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Dining in America used to be simple. Before the 1960s, competition among food service chains was timid, with only a few established restaurants operating in a handful of formats. Over the years, factors such as the demand for healthful choices and the introduction of foreign cuisines have created an overwhelming number of eat-out options.

Food industry corporations must continually work to lure customers and maximize their guests' spending, and a handful of companies seem to have a recipe for accomplishing both. But this industry is vulnerable to trends, and staying on top takes inventive marketing, shrewd strategies and aggressive selling. To prove this point, set a budget the next time you eat out and then look for these common restaurant tactics that work to increase your spending.

1. The upsell

All successful restaurant operators train their serving staff to use suggestive selling. And servers have plenty of incentive beyond their boss's bottom lines, as the higher the final bill is, the larger the tip the server stands to receive. A good server sells food like a car salesman.

Every menu offering is simply a base model that can be enhanced with special features. A pasta dish can be outfitted with garlic toast and upholstered with cheese. Everything's better with bacon, and who doesn't deserve a "king-size" serving?

These suave suggestions of large sizes, appetizers, dessert, extra cheese, double burgers and double highballs can quickly double your tab, too, and these extras are often the difference between an operation being a laggard or a moneymaker.

2. Forced waiting

Have you ever been on a restaurant's waiting list but noticed a number of open tables? Many times, the restaurant has done this by design. The idea is to get you to sit in the lounge; there always seems to be room in the lounge. Here, the bar server has an opportunity to upsell you on drinks and appetizers.

Often, some restaurants will bill you separately for your lounge items, which may make you feel obligated to tip both of your servers. Many diners may walk in with a budget, but when made to wait among a lounge full of food and drinks, it's tough to ignore a sudden craving or a hungry belly.

3. All you can eat

This gluttonous proposition appeals to consumers' desire to get the most value for their dining dollars. And while there is some value in all-you-can-eat offerings, savvy restaurateurs know how to make a lot of money from the seemingly generous deal.

First, the price for the entrée is often more than the regular price, and the serving size is smaller. Guests are encouraged to fill up on less expensive side dishes and complimentary (cheap) breadsticks and salad, leaving less room for refills. Second, mass-producing one item reduces the purchase and production costs of the item, allowing for a significant profit margin.

To actually cost the restaurant money, a guest would need to eat numerous refills. Very few people go beyond two refills, so the law of averages works in the restaurant's favor.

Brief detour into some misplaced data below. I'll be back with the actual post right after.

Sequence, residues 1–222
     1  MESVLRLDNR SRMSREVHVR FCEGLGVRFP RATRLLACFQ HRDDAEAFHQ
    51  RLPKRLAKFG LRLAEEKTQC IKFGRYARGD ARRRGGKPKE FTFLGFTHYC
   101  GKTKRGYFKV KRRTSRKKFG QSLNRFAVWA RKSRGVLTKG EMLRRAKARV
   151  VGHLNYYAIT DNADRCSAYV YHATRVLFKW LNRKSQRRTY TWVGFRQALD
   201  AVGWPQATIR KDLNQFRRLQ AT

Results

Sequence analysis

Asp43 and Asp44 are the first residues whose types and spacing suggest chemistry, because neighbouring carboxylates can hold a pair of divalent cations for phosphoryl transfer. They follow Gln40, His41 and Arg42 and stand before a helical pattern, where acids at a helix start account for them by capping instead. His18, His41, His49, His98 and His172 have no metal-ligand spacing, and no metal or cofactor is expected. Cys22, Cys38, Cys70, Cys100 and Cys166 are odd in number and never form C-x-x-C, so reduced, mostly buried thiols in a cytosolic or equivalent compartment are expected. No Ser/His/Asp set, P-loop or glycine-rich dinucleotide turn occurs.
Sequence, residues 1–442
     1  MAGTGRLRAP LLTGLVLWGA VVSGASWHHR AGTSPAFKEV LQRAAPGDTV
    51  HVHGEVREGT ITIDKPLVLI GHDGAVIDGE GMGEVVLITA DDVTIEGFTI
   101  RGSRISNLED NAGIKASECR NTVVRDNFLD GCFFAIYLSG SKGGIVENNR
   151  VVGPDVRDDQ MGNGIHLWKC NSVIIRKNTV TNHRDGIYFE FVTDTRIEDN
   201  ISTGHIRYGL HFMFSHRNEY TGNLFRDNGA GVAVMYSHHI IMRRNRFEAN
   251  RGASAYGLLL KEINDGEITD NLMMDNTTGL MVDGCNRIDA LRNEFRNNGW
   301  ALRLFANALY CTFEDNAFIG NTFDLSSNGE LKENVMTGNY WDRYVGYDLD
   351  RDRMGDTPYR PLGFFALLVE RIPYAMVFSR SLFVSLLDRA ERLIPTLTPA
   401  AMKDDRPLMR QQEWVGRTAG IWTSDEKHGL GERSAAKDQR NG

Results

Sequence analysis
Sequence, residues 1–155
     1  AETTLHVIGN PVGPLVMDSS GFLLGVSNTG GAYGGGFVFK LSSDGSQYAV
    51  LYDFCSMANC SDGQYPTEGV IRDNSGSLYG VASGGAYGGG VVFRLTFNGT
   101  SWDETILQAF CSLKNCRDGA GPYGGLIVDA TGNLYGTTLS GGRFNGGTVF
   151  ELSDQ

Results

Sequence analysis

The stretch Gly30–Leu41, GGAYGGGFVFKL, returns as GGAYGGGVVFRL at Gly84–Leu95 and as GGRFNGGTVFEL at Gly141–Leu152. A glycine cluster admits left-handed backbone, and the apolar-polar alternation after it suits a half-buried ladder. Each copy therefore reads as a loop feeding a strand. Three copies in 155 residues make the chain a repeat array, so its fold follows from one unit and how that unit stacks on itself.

These promotions are also great at attracting big crowds on otherwise lackluster days, and a crowded dining room creates plenty of opportunities for servers to upsell profitable add-ons. Even if a customer happens to be a competitive eater, it's likely he still has to wash down all that chow with overpriced sodas or bar drinks that balance the costs of the entrée. Even at a small loss, the restaurant can still hope to offset losses with repeat business and positive word-of-mouth advertising.

4. Fake specials

Many restaurants reserve a place on their menu for the daily "special." Often, this unique offering is simply the food that is set to expire soonest. Featuring a dish is also a great tool for pushing high-profit menu items. Restaurants like to push big-ticket entrées as a featured item to give the impression that an upscale meal is available for less.

Real deals can be had, but it's wise to check the regular menu to see if the special is indeed less than the regular price. Many restaurants will let their guests assume that featured items receive a discount when in fact there is no savings. Being skeptical of subjective descriptions like "special" and "feature" can help you avoid paying up for false value.

5. 'These pretzels are making me thirsty!'

TV's "Seinfeld" made an astute point about what happens when you eat too many salty snacks: You get thirsty! This scientific tidbit isn't lost on bar owners, who profit from sodium's dehydrating effects. Many bars are happy to offer free pretzels, peanuts, potato chips and popcorn -- pretty much anything that's cheap and addictively salty will do the trick -- knowing that customers will soon crave drinks to ease their growing thirst.

Considering that a keg of Heineken costs about $110, bar owners can make a $415 profit, or a 377% return on investment, by selling $5 pints of beer. If you're trying to keep a modest drink tab, avoid curing your tongue with salty snacks that drive you to drink.

The bottom line

No matter what food you're craving, America's food service industry offers a host of options, and aggressive competition means great deals are available. But to follow your food budget, you need to see past the slick commercials, flashing neon and limited-time promotions. By becoming impervious to restaurant sales tricks, you can avoid overspending and, by fortunate coincidence, overeating.

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